UK: Significant Other?

Last Updated: 11 March 2013
Article by Mark Challis

"the planning system must be able to arbitrate between genuine local concerns and the national need in a considered, fair and timely way"

This article first appeared in Utility Week's print edition on 22nd February 2013.

The government looks set to extend the nationally significant infrastructure planning regime to more projects.

The Overarching National Policy Statement for Energy, as designated in July 2011, makes barely a mention of shale gas. Yet since its designation, there has been a growing awareness of the possibility of shale gas extraction making a significant contribution to the UK's energy needs.

The government is now considering whether onshore gas extraction projects, including shale, could be treated as "nationally significant infrastructure projects". This would mean that developers could seek to secure the authorisations needed by going through the Planning Act 2008 process.

The Planning Act was introduced with the aim of making the authorisation process for major infrastructure projects more certain and predictable, in the hope that more projects would be delivered.

A number of environmental issues arise. Seismic activity, the potential to contaminate water supplies, use of large quantities of water and the release of greenhouse gases are just some of the issues frequently raised to sit alongside the more usual planning objections of visual effects, traffic issues and so on.
However, the government plainly wants to give the potential benefits of shale gas extraction a chance. Among other measures, a traffic light regime is proposed that will require real-time seismic monitoring with a requirement for operations to stop if readings are unusual and for a "fracking plan" to be approved in relation to any proposals.

It can be expected that many shale gas extraction proposals will meet with fierce opposition, and that some can expect a far from easy ride through the planning system. However, the planning system must be able to arbitrate between genuine local concerns and the national need in a considered, fair and timely way. With this in mind, the Department for Communities and Local Government (DCLG) has just finished consulting on the possibility of a range of projects, that could include shale gas projects, being authorised either via the conventional planning system, via local planning authorities or, alternatively, under the procedure for the authorisation of nationally significant infrastructure projects by way of development consent orders granted by the secretary of state.

DCLG's November 2012 consultation paper Nationally Significant Infrastructure Projects: Extending the Regime to Business and Commercial Projects invited views on the possibility of allowing for projects of various different categories (in England only) being authorised by way of the Planning Act 2008 procedure. The procedure would be available at the developer's election, provided that the secretary of state was satisfied that the project was one of national significance.

In making that decision, the criteria likely to be applied by the secretary of state are:

  • the physical scale of the proposed development;
  • the possible impacts of the proposed development, particularly if it has significant effects beyond the immediate locality;
  • the location of the proposed development and whether that gives rise to substantial cross-boundary or national controversy;
  • the potential economic impact where a proposed development may have significant impact on economic growth;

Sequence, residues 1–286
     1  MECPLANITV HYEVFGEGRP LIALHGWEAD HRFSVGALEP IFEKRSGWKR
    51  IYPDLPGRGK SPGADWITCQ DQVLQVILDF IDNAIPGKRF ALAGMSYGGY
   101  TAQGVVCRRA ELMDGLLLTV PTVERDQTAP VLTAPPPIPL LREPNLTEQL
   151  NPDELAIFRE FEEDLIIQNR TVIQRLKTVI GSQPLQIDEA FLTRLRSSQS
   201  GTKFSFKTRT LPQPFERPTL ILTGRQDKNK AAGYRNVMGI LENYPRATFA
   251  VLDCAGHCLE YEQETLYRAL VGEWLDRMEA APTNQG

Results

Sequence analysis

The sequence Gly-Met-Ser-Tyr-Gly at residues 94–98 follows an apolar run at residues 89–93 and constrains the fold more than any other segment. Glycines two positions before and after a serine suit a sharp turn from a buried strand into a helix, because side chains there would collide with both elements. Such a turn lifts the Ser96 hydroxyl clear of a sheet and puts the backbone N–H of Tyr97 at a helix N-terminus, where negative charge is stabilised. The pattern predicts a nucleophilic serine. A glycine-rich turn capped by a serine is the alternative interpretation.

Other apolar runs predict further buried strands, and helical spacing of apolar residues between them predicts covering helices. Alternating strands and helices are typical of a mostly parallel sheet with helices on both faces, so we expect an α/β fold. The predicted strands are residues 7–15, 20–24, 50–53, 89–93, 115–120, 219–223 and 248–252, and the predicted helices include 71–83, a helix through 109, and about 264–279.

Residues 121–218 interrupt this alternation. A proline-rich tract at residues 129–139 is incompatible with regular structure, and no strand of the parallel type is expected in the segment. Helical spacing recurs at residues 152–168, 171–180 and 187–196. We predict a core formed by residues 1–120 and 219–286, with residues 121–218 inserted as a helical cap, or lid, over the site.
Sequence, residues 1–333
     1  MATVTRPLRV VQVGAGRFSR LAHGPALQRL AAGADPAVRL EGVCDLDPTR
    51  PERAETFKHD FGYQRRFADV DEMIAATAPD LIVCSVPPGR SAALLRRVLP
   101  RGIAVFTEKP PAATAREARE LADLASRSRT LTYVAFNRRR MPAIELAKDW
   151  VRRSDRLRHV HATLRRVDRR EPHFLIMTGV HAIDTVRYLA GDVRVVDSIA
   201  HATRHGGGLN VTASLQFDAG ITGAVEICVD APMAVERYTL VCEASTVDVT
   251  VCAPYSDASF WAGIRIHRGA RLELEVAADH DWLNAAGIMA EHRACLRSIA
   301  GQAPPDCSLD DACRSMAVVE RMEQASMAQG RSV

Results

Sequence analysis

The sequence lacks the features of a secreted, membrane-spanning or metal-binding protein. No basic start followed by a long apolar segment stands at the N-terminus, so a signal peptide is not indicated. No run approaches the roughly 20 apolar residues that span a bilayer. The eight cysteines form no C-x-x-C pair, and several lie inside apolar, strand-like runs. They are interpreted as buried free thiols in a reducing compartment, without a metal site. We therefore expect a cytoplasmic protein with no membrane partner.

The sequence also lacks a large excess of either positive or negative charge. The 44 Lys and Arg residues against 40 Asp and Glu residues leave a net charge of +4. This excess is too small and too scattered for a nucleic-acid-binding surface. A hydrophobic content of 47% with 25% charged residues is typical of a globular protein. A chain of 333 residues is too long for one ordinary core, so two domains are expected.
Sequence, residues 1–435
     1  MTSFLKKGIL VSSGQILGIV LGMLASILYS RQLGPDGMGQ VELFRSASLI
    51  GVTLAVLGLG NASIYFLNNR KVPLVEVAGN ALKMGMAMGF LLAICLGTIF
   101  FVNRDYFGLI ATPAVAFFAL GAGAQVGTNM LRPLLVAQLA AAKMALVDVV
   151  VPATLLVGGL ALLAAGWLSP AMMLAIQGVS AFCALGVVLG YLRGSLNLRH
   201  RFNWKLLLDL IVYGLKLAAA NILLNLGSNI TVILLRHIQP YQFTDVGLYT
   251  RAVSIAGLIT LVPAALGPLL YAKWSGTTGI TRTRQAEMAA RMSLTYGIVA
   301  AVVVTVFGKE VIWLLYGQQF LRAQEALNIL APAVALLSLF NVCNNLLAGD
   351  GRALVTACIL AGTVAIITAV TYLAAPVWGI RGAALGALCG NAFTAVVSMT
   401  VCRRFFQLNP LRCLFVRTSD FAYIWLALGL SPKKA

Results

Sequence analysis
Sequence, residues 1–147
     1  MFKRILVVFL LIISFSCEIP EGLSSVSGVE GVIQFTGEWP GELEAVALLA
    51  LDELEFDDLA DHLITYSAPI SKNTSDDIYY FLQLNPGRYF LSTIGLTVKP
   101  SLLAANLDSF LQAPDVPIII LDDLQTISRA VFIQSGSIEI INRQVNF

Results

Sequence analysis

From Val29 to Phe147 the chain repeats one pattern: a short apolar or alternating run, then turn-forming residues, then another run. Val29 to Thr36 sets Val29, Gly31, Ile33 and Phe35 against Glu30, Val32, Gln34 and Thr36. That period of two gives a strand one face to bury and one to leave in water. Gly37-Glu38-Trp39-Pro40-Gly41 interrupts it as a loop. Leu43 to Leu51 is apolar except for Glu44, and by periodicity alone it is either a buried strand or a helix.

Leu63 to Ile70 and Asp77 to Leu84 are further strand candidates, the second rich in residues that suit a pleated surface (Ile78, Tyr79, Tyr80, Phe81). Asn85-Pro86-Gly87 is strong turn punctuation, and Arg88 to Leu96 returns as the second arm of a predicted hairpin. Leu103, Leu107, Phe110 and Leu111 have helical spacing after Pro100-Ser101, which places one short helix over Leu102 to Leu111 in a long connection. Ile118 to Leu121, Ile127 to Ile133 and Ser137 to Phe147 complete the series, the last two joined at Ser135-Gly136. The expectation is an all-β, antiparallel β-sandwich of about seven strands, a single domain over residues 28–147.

• for proposed minerals extraction, the rarity and importance of the mineral;
  • whether issues of national security or which involve foreign governments are involved.

Various different types of business and commercial development are proposed to be subject to these new arrangements, including onshore gas extraction proposals involving more than 500,000m3 of gas per day.

Shale gas extraction projects, which typically involve a number of drill shafts feeding back into a single well head, are capable of exceeding these limits, thereby allowing a developer to elect for the project to be treated as a nationally significant infrastructure project and authorised accordingly.

For some developers this will be an attractive proposition. The process of obtaining a development consent order under the Planning Act 2008 is an exacting one, requiring the preparation of a detailed set of application documents. And the process is very much front loaded, so that making amendments post application is not easy. There is also a statutory need to carry out and record a consultation process to a high standard if the proposal is to be even considered by the secretary of state.

However, the advantage for the developer that chooses this route is that a development consent order can bring together the various powers needed, including planning permission, compulsory purchase powers and powers to deal with highways. Further, although the local authority remains an important part of the process and a very important consultee, the decision is made not by the local authority but by the secretary of state. In circumstances where the local planning authority is unlikely to be supportive and likely to be faced with numerous and vociferous objections, the use of the Planning Act 2008 route has obvious attractions.

New legislation is required to make this happen and is at present in draft form in clause 24 of the Government and Infrastructure Bill, which is expected to become law later this year. If it does, then shale gas developers will need to quickly get to grips with the opportunities that the Planning Act process provides.

The content of this article is intended to provide a general guide to the subject matter. Specialist advice should be sought about your specific circumstances.

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